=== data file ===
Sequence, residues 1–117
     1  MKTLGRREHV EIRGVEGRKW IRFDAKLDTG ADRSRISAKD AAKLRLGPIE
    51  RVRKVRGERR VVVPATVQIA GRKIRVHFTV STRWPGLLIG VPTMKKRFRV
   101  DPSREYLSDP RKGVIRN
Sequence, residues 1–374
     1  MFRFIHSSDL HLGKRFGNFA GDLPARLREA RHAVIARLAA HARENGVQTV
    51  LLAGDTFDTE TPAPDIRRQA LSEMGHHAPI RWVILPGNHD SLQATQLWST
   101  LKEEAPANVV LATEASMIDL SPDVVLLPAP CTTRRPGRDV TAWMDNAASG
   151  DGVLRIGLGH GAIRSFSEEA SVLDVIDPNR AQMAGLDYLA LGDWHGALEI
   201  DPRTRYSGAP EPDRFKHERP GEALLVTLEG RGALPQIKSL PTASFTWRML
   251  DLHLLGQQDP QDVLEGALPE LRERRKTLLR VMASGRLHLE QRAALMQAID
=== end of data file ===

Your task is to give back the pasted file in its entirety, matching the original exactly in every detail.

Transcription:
Sequence, residues 1–117
     1  MKTLGRREHV EIRGVEGRKW IRFDAKLDTG ADRSRISAKD AAKLRLGPIE
    51  RVRKVRGERR VVVPATVQIA GRKIRVHFTV STRWPGLLIG VPTMKKRFRV
   101  DPSREYLSDP RKGVIRN
Sequence, residues 1–374
     1  MFRFIHSSDL HLGKRFGNFA GDLPARLREA RHAVIARLAA HARENGVQTV
    51  LLAGDTFDTE TPAPDIRRQA LSEMGHHAPI RWVILPGNHD SLQATQLWST
   101  LKEEAPANVV LATEASMIDL SPDVVLLPAP CTTRRPGRDV TAWMDNAASG
   151  DGVLRIGLGH GAIRSFSEEA SVLDVIDPNR AQMAGLDYLA LGDWHGALEI
   201  DPRTRYSGAP EPDRFKHERP GEALLVTLEG RGALPQIKSL PTASFTWRML
   251  DLHLLGQQDP QDVLEGALPE LRERRKTLLR VMASGRLHLE QRAALMQAID